Accord Reached on Patent Licensing Terms (News Release from MPEG LA)
24 March 2004
Tokyo, Japan (March 24, 2004) – In a joint press conference with MPEG LA today, Japan broadcasters NHK, TBS, NTV, TV Asahi, Fuji TV and TV Tokyo announce their adoption of AVC/H.264 Video Coding for mobile segment digital terrestrial broadcasting. A basic agreement is also announced between the broadcasters and MPEG LA on royalties and other terms of license under essential patents owned by many parties to be offered as part of a joint license.
The patent licensing accord is the result of discussions over many months to assure both the practicality and applicability of the license terms to Japanese broadcast conditions. Under the accord broadcasters will have the option of paying a one-time fee of US $2,500 for each encoder using in transmitting the AVC/H.264 video. The one-time fees will be offered as an alternative to annual fees. They will cover the use of AVC/H.264 video for free cable and free satellite as well as free terrestrial broadcast television.
In addition, it is recognised that broadcasters in developing countries have different circumstances that may require further considerations.
For more information:
MPEG LA – Contact: Larry Horn
Statement from Japan Broadcasters
Digital Terrestrial Broadcasting in Japan began in December 2003. Through these Digital Terrestrial Broadcasts, there had been plans to implement broadcast services for mobile personal receivers unlike any seen before in the world. Problems were encountered, however, with regard to patents for the video coding technologies used for these services, and as a result there was no firm schedule for when these services would be realized.
These patent issues have now been essentially resolved with regard to AVC/H.264, the latest form of video coding technology. This resolution represents a major step forward in terms of achieving mobile broadcast services using AVC/H.264 as the coding technology. From this point on, it will be necessary to undertake various tasks, including the establishment of specifications for receiver terminals and ARIB standards, the development of mobile personal receivers by manufacturers, and discussions with mobile communication operators, but we believe that it will be possible to initiate mobile broadcast services in the first quarter of the year 2006. When these services become a reality, any user will be able to enjoy the latest broadcasts easily, anytime, and anywhere. We consider this a truly groundbreaking event, both for broadcasters and for viewers.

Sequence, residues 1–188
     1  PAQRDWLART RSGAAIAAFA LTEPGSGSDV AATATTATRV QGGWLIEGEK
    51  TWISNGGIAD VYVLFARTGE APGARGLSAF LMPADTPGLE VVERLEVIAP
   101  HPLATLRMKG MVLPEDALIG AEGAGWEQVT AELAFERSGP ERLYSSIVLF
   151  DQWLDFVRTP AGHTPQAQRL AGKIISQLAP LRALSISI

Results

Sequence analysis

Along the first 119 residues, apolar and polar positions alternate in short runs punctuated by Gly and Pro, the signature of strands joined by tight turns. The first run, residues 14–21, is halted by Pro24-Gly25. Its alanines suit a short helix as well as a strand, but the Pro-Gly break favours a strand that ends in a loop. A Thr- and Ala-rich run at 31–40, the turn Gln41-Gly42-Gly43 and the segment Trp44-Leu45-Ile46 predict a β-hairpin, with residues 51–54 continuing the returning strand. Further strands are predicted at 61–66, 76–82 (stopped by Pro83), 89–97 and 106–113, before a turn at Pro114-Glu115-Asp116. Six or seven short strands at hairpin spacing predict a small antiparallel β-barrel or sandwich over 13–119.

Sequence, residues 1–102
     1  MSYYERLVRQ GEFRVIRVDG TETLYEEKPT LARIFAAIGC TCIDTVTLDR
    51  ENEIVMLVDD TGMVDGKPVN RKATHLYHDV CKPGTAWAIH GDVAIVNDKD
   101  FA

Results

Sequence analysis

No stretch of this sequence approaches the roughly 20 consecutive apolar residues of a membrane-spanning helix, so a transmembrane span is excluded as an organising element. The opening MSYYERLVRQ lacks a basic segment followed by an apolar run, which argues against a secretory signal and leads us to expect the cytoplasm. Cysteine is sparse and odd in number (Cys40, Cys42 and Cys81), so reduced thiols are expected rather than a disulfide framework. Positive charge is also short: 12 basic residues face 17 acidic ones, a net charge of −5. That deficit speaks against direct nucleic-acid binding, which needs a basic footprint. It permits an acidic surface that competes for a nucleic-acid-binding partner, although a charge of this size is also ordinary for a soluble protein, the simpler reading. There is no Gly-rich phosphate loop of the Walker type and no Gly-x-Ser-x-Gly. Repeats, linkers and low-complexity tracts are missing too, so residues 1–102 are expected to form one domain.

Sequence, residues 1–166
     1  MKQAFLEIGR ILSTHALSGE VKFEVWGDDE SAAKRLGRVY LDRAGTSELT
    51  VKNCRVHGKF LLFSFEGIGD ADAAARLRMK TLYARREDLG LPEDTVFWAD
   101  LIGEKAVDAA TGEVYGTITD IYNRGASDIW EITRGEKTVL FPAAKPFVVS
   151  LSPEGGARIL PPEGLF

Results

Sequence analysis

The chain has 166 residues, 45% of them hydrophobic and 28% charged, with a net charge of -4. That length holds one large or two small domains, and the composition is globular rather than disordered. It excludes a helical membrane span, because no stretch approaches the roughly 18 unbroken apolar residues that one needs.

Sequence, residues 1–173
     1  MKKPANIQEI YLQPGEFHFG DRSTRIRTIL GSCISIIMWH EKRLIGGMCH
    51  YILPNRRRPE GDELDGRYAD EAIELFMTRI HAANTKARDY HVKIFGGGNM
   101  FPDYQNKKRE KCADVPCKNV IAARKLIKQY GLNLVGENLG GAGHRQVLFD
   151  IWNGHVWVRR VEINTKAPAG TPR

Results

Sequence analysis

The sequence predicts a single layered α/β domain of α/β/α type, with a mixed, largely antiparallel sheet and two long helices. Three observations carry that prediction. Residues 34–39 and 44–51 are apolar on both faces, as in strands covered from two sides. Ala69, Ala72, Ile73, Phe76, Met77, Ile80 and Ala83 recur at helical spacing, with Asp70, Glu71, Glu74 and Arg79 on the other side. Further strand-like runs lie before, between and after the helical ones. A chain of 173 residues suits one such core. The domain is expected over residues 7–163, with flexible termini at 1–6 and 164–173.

This AVC/H.264 is an exceptional video coding technology that was developed not only by the patent holders but through the efforts of many companies and institutions throughout the world. We are pleased and honored to announce that through recent discussions with MPEG LA, the requests of the broadcasters that is, the users were reflected in the royalty terms, and that it will now be possible for this outstanding technology to be used in the field of broadcasting ahead of any other field in the world.
We are confident that MPEG LA will take into consideration the differing environments faced by broadcasters throughout the world, including those in developing countries, to ensure that broadcasters around the globe may enjoy the benefits of this new AVC/H.264 technology. We would like to take this opportunity to once again thank MPEG LA and the holders of the AVC/H.264 patent.
Statement from MPEG LA
We thank the Japan broadcasters for their cooperation in reaching this historic accord. Through the miracle of digital technology, the efficient use of limited bandwidth and high resolution once thought to be physically incompatible now make it possible for broadcasters and their publics to reach their full potential. What we witness here today is the further acknowledgement of the interdependence between content and technology. Both represent the height of human creative achievement, but one cannot exist without the other. Through the shared efforts of inventors and manufacturers who make technology possible and broadcasters who use it to deliver innovative services that inform and entertain audiences worldwide, lies the key to technological advancement. This represents a partnership in the truest sense of the word. By their visionary leadership and tireless service delivering free television to all the public, broadcasters make it possible for consumers to enjoy the fruits of this cooperation and experience the age of high definition television today. We thank the patent holders who agree to license their technology under these terms, and we salute the broadcasters for their public devotion.